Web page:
Social Media Defamation
Published on 01 Jan 2015
BY MCCAW LEWIS LAWYERS
Defamation claims have been a topic of interest lately.
The increasing use of social media means that victims of defamatory statements are no longer limited to high-profile celebrity figures. In this article, Hamilton lawyers McCaw Lewis provide a brief summary of defamation law in New Zealand. A legal claim in defamation is only associated with the rich and famous, right? Wrong. Defamation is a legal term that we're likely to hear a lot more about given the ever-increasing use of the internet including social networking sites such as Facebook, Twitter, LinkedIn and various other blogging sites which we use both in business and our everyday lives.
So what is defamation? Also known as "slander" or "libel" (depending on the circumstances), defamation is when someone intentionally sets out to damage another person's (good) reputation through publication of a false statement for the purpose of harming or discrediting that person's reputation. To clarify: if a defamatory statement is made in writing or printing or some other permanent form, libel is committed; if the defamation is spoken (oral), or in some other transient form, it's slander.
So what is required in order to prove that a defamatory statement was made? The more common components of a claim in defamation may include the following: that someone has made a defamatory statement about the aggrieved party; that the statement was published; that it was false; and that it was aimed at damaging the aggrieved party's reputation.
The law in New Zealand law presumes that every person is of good repute, until the contrary is proved. It therefore falls on the author of the statement to show that the defamatory statement was true or that the statement was based on an honest opinion. If the statement published is, in fact, true or if the person making the statement can show that the facts on which their opinion is based are correct, then there is no claim in defamation.
A defamatory statement may take many forms. For example, it isn't just limited to suggestions that the person is dishonest or is a criminal. The statement could, for example, imply that the person is disloyal or incompetent or it could simply be some other derogatory remark or suggestion about that person. The basic test is whether the statement made is likely to cause ordinary people to think less of the person the statement is about.
The internet has significantly widened the scope of what now constitutes a "publication" in the context of defamation. Contrary to popular belief, a defamatory statement does not have to be published in, say, the New Zealand Herald or the Woman's Day magazine for all to see. A "publication" for the purpose of establishing a defamation claim can include basically any defamatory statement which is made in an online environment - in essence that means on the internet. This means that statements made on the internet via Facebook, Twitter and other such social media sites are considered publications in the eyes of the law.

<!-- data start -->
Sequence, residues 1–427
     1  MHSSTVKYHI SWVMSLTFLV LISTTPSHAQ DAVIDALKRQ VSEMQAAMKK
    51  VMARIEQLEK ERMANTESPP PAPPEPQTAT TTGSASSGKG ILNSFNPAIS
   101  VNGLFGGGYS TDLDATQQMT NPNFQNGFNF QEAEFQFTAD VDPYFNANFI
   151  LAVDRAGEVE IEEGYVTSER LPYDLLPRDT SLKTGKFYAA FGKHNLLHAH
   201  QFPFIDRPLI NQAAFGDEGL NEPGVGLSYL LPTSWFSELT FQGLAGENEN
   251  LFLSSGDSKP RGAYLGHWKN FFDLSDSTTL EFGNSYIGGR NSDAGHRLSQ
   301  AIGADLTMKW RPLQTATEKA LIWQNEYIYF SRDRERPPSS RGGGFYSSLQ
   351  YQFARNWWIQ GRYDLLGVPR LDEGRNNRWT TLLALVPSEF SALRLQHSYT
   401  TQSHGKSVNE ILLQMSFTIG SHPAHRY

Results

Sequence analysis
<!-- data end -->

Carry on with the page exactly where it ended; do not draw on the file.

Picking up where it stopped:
A "host" or "creator" of, say, a Facebook page can be liable in defamation for statements posted on their page by someone unknown to the host. The reason New Zealand has adopted this approach is because of the fundamental idea that a host holds the power and can therefore control all of the content published on their page, therefore the "buck stops with them". The idea of "host responsibility" is further emphasised with features on sites such as Facebook which notify the host as soon as someone has published or displayed anything on their page, giving the host the opportunity to deal with any potentially defamatory comments.
The host may be liable for any defamatory statements made in an online environment if the statement is not removed within a reasonable amount of time. Although there has historically been a period of delay between the time a statement is made and when it might subsequently be viewed (for example via the traditional print media), the Courts now take a harder approach and assume that third parties have accessed it immediately. This assumption is increasingly more likely to be justified on sites such as Facebook, where every person who subscribes to (or "likes") a particular page can be instantly alerted about any updates or posts on the page directly to their mobile device.
So, what steps should I take if a defamatory statement is made against me?
Firstly, you could contact the person who made the defamatory statement and request that the statement be taken down immediately. You might also seek legal advice. If you have evidence that the statement is false, then you might seek a court declaration that the author is liable in defamation.
If you are successful in claiming that the statement was defamatory then you may be entitled to damages (an award of money). The award of damages is intended to compensate the victim for both the injury to reputation and the hurt to feelings. In certain circumstances, there may also be an entitlement to special or punitive damages.
Note: Readers should take appropriate legal advice before applying the information contained in this article to specific issues.